This year the North Carolina Room is featuring a series of programs on the 1980’s – a time that helped define what Asheville was to become. But, 100 years prior to that, Asheville was in the midst of an earlier Renaissance. The train had arrived in 1880 and Asheville became a true destination and was
ON DISPLAY NOW: Black History Month. The North Carolina Room at Pack Memorial Library is exhibiting four special exhibits for the month of February. ASHEVILLE’S EAST END, 1970: Photographs from the Andrea Clark Collection. (Main level library exhibit area) Andrea’s powerful photographs show the story of a community and its collision with urban renewal. *** The
Buncombe County led the state in the early 1920s in fighting adult illiteracy. Its adult literacy program was copied throughout the south and even received national recognition. From 1917 to 1920 Buncombe County adult community schools, often called night schools, taught over 3000 adults to read and write. However, a newspaper article from February 1925
The North Carolina Room recently received a new donation of Montford materials, including photographs, newspaper clippings and early newsletters. In the mid 1970’s Montford and Montford Hill residents rallied together to clean up the neighborhood and to work at renovating houses in need of repair. Work was organized through the Montford Community Club and the Montford Hills Community Club.
It was a momentous day. Tuesday, November 24, 2015 the staff of the North Carolina Room joined with the staff of the Youth Services Department, Pack Memorial Library and invited the third grade class at Isaac Dickson Elementary to visit the North Carolina Room. Our hope was to show the students a little bit about what
“A lovely spot among the hills, A sky of blue above, And trees that bend in graceful form, These make the camp I love.” -Mary Mitchell Westall Camp Dellwood was established in the 1920s to afford girls aged 9-19 a summer filled with outdoor sports, arts and crafts, socializing, and fun. Under the direction of Mr. and Mrs. George Mason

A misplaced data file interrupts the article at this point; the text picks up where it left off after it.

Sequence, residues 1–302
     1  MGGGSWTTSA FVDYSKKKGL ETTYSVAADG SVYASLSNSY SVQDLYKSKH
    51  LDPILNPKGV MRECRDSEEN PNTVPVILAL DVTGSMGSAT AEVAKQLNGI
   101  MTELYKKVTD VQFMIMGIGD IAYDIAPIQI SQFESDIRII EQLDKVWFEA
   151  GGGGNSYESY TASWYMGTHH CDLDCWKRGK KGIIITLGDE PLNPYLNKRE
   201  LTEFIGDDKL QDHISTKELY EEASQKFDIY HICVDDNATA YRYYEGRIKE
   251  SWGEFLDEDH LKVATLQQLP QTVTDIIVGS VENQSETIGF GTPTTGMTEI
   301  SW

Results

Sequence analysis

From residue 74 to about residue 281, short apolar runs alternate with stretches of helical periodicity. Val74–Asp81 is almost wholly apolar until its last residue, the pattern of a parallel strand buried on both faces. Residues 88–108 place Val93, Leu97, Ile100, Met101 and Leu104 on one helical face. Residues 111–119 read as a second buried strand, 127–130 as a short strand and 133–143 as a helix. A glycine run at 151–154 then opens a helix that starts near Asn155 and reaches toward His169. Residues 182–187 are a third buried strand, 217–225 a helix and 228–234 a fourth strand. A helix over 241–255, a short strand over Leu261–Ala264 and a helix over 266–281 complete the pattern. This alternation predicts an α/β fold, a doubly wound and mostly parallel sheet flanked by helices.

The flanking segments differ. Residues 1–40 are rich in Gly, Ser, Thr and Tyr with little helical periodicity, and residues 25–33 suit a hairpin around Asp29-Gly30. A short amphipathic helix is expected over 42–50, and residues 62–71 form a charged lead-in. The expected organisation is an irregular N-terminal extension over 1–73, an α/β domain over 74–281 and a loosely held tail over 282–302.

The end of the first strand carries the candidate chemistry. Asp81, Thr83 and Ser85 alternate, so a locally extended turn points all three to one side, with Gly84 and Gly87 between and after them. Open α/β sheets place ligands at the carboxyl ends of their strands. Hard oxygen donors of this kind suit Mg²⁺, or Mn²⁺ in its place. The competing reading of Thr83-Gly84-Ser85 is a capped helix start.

Before there were bridges across the French Broad River, there were ferries. And then there were no bridges across the river, according to F.S. Sondley in A History of Buncombe County North Carolina, when in “1865 the Yankee invasion up the French Broad River burned the bridges at Alexanders and at what is now Craggy.
Isaac and Sarah Malke Michalove immigrated from Lithuania, Russia and came to Asheville in 1890. Isaac, a pioneer Jewish merchant, operated the Michalove Wholesale Grocery company. Isaac and Sarah’s daughter Hattie, born Sept. 20, 1890, married Barney Pearlman and they immigrated in 1901, coming to Asheville in 1908. Barney operated several groceries, and then opened a small store on Patton
A Social for the Friends of the North Carolina Room was held Wednesday, June 24th, 2015 at the Rankin House Inn. The oldest frame house in Asheville, it was built in 1848 by William Dinwiddle (1804-1879) and Elizabeth Lightfoot Roadman (1804-1908) Rankin. It was the perfect place for a gathering of people who love local history. The